Targeting Cardiomyocyte Proliferation via Modification of the S1P Signaling and the Hippo Signaling Pathway



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Heart-related diseases are on the top list of the leading cause of death worldwide due to the heart cannot heal itself. Current methods for curing the damaged heart are not sufficient and several new methods are still under research. Unfortunately, the organ transplant option is not enough due to the demanding number of patients. For those reasons, we have targeted heart cells, especially cardiomyocytes to induce cell division and thus heal the damaged tissue by replacing it. The Hippo pathway is known to control organ size and cell division, and S1P signaling is another mechanism for inducing cell division. Inactivation of the Hippo signaling pathway leads its effector protein YAP to translocate into the nucleus and induce cell division genes. NF2, a Hippo pathway upstream component, is targeted by phosphatidic acid to inactivate the Hippo pathway. Also, small molecule screening was performed by virtual docking and nine candidates were found to target the NF2 binding pocket. S1P lipid signaling molecules affect several signaling pathways and one of them is the Hippo pathway. Cardiomyocytes were initiating the cell cycle upon the addition of S1P. In addition, RNA sequencing data has shown this molecule is affecting important signaling pathways such as Notch, Wnt, BMP, mTOR, angiogenesis, and telomere maintenance. Interestingly, telomere elongation was induced with S1P in cardiomyocytes for at least five days together with increasing telomere maintenance factors. Having constitutively active Sphingosine kinase would produce S1P within the cells and could be used as therapeutics. Mutation on phosphorylation amino acid Serine 225 was performed and shown to be more active compared to wild type. These results are promising to heal the damaged heart.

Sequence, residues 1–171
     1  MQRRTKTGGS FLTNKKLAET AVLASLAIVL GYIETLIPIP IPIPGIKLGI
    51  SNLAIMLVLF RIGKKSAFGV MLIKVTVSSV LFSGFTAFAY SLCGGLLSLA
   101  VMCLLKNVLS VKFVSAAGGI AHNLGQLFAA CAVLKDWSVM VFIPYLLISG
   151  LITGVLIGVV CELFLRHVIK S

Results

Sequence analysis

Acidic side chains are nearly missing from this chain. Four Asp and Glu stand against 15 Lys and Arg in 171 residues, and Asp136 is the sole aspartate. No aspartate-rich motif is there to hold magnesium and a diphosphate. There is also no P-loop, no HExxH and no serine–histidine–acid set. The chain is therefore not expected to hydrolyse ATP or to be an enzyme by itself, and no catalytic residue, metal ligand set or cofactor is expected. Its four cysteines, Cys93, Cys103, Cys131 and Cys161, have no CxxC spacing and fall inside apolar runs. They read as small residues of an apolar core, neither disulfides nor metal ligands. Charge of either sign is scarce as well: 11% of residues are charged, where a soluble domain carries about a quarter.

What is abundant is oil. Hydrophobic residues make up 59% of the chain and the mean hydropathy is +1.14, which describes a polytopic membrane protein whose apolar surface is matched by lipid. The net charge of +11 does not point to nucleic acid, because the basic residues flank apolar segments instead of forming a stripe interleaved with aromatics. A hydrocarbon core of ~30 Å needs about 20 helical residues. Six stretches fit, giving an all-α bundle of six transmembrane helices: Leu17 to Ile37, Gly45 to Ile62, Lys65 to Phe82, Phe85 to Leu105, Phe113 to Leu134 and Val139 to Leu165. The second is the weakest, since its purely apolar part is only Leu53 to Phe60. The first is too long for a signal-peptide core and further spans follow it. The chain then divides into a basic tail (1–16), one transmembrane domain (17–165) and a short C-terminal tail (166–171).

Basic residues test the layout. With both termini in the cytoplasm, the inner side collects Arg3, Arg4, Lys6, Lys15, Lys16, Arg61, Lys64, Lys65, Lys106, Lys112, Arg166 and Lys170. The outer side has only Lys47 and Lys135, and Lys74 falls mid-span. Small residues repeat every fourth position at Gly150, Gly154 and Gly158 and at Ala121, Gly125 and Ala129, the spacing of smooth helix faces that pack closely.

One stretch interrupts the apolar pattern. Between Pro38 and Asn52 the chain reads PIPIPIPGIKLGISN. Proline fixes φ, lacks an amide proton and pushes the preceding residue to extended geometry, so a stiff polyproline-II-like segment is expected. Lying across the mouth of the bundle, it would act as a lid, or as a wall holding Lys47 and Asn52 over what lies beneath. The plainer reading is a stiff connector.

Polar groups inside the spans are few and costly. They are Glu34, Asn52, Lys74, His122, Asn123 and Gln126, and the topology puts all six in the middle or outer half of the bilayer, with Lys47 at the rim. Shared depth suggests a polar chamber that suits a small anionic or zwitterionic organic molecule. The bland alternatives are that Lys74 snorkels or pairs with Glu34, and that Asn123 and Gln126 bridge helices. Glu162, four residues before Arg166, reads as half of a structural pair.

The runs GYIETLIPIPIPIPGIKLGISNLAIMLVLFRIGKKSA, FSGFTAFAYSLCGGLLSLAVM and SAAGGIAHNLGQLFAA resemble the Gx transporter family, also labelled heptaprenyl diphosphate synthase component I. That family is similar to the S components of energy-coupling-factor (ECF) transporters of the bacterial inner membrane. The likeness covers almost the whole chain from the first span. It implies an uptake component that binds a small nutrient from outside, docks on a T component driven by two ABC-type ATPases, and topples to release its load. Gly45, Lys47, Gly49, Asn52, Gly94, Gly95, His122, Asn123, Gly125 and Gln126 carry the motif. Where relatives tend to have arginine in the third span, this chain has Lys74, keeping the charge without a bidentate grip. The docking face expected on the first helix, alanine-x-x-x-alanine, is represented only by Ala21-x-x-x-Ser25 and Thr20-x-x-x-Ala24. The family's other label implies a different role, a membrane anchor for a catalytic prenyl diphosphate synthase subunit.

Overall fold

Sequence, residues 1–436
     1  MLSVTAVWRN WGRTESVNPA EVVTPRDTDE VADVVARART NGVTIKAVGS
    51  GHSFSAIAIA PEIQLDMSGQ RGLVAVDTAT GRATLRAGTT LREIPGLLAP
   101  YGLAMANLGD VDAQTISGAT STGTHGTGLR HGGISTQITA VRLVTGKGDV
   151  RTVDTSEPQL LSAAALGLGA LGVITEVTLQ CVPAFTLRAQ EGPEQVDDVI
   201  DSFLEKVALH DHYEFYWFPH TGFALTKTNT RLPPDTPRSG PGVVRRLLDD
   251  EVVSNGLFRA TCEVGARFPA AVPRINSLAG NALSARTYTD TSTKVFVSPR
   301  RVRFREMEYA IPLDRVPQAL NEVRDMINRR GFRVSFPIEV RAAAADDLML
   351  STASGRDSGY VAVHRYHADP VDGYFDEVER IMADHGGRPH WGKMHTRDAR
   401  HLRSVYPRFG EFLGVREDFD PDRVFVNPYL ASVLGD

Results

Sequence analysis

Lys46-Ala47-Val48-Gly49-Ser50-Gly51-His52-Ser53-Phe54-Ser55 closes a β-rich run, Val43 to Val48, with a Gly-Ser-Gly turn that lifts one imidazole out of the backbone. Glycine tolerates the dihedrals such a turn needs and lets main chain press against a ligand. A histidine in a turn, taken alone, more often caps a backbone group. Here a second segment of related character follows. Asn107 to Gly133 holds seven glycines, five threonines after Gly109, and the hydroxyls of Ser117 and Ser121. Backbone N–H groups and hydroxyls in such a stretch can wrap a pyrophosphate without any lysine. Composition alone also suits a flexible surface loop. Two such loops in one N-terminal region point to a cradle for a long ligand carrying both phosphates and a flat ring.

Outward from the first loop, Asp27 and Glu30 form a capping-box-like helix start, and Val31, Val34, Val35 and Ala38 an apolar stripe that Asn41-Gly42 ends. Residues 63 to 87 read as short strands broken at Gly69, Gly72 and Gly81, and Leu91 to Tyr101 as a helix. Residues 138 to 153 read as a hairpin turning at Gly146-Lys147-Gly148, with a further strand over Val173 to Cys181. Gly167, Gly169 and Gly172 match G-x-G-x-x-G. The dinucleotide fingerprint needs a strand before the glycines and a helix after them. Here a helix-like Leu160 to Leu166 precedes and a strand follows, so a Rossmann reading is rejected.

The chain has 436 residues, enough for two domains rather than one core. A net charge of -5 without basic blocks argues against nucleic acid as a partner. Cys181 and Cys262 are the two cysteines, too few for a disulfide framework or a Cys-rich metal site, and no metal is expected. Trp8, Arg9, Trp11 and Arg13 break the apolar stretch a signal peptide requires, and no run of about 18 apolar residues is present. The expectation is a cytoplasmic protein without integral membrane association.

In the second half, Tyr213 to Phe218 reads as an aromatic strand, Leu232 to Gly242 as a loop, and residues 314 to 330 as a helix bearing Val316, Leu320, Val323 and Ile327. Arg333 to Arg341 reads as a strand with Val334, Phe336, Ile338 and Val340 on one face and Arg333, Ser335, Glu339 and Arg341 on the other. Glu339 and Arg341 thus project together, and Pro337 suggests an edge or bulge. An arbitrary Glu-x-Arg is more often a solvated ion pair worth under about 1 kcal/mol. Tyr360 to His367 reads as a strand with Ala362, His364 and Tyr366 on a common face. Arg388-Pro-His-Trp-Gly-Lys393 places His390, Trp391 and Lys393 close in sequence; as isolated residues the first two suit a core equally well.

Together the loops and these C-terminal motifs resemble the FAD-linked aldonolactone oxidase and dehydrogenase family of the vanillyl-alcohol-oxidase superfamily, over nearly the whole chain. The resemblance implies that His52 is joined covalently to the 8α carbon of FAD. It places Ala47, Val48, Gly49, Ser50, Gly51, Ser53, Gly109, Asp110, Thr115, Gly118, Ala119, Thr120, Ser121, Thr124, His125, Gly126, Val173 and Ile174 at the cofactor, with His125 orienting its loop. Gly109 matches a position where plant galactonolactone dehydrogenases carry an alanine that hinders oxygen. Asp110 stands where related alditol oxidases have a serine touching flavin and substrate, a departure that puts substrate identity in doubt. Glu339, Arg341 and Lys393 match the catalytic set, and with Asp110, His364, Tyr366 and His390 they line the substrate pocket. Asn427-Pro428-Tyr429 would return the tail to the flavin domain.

S1P, SphK1, PA, Drug discovery, Cardiomyocyte, Heart